Eleventh Sunday after Pentecost

by Bear Wade

Crossing Water
Matthew 14:22-33
Eleventh Sunday after Pentecost
(Proper 14-Sunday between August 7 and 13 Inclusive)
analysis by Cathy Lessmann

22Immediately he made the disciples get into the boat and go on ahead to the other side, while he dismissed the crowds. 23And after he had dismissed the crowds, he went up the mountain by himself to pray. When evening came, he was there alone, 24but by this time the boat, battered by the waves, was far from the land, for the wind was against them. 25And early in the morning he came walking toward them on the sea. 26But when the disciples saw him walking on the sea, they were terrified, saying “It is a ghost!” And they cried out in fear. 27But immediately Jesus spoke to them and said, “Take heart, it is I; do not be afraid.” 28Peter answered him, “Lord, if it is you, command me to come to you on the water.” 29He said, “Come.” So Peter got out of the boat, started walking on the water, and came toward Jesus. 30But when he noticed the strong wind, he became frightened, and beginning to sink, he cried out, “Lord, save me!” 31Jesus immediately reached out his hand and caught him, saying to him, “You of little faith, why did you doubt?” 32When they got into the boat, the wind ceased. 33And those in the boat worshipped him, saying, “Truly, you are the Son of God.”


Step 1-Initial Diagnosis: Battered
As the disciples’ boat was making its way across the sea, it was battered by the wind and waves. And there is nothing to suggest that there is any relief in sight. There are no crowds. There is no Jesus in the boat (not initially). Just themselves. Do they brave it alone? Do we? Even for us who think we have our feet planted firmly on dry land, the experience of being battered is not foreign to us: battered by pressures, by put-downs, by judgments, even the physical battering that has become all too common in our society. And we can know the experience of being alone in our battered state.

Step 2-Advanced Diagnosis: Terrified
Wondering whether or not one will survive the ordeal is enough to terrify most of us. But it is not simply a problem for our senses, which are allowing us to hallucinate in our fears. For the disciples, it is the very fear that death is coming to them on the water (even ghostly). And that fear becomes so pervasive, that nothing can seem to squelch its stormy invasion upon our being. Hence, even when Peter steps out of the boat, it becomes evident that the problem is one of “little faith,” or doubting that there is any hope. But then, the entire focus is on the waves and the wind and our puny, little energies to combat them — which are inevitably too weak. Nonetheless, God is not in the picture for us. Only our unfaith.

Step 3-Final Diagnosis: Drowning
In that moment, as we are drowning, perhaps the cry goes up for help. But who is there to rescue us? We have not valued God — only the goal of saving our own skins, trying to survive the best we know how, and now finding that death’s toll is not simply God’s non-answer, but God’s answer to our dilemma.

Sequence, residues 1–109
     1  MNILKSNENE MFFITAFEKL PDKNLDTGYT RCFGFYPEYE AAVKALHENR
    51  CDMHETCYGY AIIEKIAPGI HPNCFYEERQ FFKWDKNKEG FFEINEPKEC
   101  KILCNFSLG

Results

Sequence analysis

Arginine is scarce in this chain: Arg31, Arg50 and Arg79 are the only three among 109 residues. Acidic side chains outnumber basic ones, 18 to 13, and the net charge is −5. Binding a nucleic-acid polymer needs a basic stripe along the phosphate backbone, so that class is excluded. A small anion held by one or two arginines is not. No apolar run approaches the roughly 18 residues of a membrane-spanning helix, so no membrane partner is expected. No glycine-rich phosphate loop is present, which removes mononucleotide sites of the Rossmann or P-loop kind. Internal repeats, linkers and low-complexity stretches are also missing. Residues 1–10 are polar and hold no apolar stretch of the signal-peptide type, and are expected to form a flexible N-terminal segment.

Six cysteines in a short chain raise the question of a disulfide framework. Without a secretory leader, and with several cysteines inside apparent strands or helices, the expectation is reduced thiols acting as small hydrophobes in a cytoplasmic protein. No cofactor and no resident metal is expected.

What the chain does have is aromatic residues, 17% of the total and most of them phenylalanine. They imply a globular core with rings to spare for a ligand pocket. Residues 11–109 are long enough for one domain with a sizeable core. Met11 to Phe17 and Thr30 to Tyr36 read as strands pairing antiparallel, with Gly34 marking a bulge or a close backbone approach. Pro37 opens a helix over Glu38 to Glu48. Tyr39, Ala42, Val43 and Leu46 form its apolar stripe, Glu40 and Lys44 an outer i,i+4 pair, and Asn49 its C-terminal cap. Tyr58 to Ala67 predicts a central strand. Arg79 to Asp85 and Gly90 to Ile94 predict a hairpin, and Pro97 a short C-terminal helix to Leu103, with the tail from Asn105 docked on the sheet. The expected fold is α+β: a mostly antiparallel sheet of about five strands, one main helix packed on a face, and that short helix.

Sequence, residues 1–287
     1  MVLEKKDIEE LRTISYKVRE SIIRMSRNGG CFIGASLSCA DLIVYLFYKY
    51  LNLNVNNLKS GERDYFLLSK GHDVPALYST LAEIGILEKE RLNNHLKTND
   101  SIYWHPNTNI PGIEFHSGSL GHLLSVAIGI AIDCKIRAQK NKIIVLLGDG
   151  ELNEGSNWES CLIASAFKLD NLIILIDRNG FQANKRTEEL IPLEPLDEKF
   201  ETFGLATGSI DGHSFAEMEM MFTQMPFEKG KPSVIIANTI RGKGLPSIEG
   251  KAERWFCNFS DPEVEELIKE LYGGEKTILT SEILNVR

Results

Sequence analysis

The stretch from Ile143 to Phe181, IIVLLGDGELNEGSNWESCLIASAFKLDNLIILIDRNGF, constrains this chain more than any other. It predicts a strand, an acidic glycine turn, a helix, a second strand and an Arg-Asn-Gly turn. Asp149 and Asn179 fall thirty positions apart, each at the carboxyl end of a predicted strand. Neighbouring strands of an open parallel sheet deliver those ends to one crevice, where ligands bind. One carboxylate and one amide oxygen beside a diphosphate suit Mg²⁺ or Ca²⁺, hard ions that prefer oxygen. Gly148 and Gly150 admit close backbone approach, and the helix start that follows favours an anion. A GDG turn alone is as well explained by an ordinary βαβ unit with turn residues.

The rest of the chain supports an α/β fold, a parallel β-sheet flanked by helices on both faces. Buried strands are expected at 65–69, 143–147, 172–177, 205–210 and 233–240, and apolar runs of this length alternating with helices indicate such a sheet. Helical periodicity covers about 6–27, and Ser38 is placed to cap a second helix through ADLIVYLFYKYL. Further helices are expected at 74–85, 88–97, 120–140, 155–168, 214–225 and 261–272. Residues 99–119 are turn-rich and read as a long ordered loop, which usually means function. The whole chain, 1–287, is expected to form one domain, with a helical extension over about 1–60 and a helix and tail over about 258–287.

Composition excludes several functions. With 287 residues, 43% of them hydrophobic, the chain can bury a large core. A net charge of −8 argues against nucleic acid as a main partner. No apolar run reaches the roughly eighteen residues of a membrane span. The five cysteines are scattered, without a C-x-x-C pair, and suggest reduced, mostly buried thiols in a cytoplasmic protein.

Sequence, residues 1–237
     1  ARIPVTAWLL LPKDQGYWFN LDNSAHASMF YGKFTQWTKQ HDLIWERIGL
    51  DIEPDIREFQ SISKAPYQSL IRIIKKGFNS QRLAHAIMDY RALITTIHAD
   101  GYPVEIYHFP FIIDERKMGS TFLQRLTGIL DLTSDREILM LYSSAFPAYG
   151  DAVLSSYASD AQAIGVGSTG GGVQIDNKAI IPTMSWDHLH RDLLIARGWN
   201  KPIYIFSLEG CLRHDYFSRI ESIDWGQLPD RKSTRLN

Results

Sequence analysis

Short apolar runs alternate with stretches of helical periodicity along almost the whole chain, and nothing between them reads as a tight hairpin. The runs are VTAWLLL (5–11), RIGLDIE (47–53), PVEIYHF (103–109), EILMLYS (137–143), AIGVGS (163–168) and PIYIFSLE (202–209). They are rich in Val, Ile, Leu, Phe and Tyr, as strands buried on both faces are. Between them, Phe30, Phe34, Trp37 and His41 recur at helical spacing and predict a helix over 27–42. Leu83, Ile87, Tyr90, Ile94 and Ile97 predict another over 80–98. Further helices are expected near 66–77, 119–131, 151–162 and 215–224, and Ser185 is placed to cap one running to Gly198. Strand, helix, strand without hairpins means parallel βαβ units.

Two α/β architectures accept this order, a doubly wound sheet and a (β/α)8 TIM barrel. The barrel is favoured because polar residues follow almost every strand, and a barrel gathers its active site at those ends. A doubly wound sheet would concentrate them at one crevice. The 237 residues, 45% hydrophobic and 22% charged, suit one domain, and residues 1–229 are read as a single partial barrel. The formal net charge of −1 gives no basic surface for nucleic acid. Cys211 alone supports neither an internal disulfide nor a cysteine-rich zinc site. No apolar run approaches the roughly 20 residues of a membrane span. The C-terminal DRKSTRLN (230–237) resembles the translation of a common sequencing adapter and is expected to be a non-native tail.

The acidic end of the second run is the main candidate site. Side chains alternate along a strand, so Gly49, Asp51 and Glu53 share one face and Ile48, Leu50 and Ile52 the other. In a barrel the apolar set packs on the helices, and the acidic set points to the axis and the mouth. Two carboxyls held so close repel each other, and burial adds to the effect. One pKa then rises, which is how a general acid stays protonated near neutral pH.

Step 4-Initial Prognosis: Caught
As Peter’s nose is about to go under, it is at that moment that Jesus reaches out his hand and catches him. So also we are caught, when our noses are underwater. We didn’t deserve to be caught. That much is certain. But the fact that we are caught by his hand reaching into our watery grave is the promise with us from our baptism on, and in all our daily drownings. Christ has reached into the grave of our being and pulled us through — at the cost of his own drowning in our sin. But that is how he becomes our Lord, so powerful that even the wind and waves obey him.

Step 5-Advanced Prognosis: Worshipping
The worship this inspires in our beings acknowledges who Jesus is for us: the true Son of God who gives us the strength to walk on water and not be afraid. It’s not simply that there is a miracle that happens here — though, indeed, such faith for so motley a crew as ourselves is miracle enough. What it means is that the Lord we trust is greater than all the obstacles we encounter, anything that would lead us to be afraid. Jesus’ arms are enough to pull us through. And our worship of him as Lord is our faith that we are never alone.

Step 6-Final Prognosis: The Other Side
Which leads us to where our Lord had directed us all along — to the other side, to the challenges, and maybe indeed dangers, on the other side. But who’s afraid of crossing the water, or the road, or the tracks, to the other side when the Lord who has already been there for us calls us to “come” and “take heart”? The opportunity for new courage and new heart awaits us all! And with Jesus’ steady arm, we are sure to endure!


About Us

In the early 1970s two seminary professors listened to the plea of some lay Christians. “Can you help us live out our faith in the world of daily work?” they asked. “Can you help us connect Sunday worship with our lives the other six days of the week?”  That is how Crossings was born.


The Crossings Community, Inc. welcomes all people looking for a practice they can carry beyond the walls of their church service and into their daily lives. We do not discriminate on the basis of race, color, ethnic origin, or gender in any policies or programs.

What do you think of the website and publications?

Send us your feedback!

Site designed by Unify Creative Agency

We’d love your thoughts…

Crossings has designed the website with streamlined look and feel, improved organization, comments and feedback features, and a new intro page for people just learning about the mission of Crossings!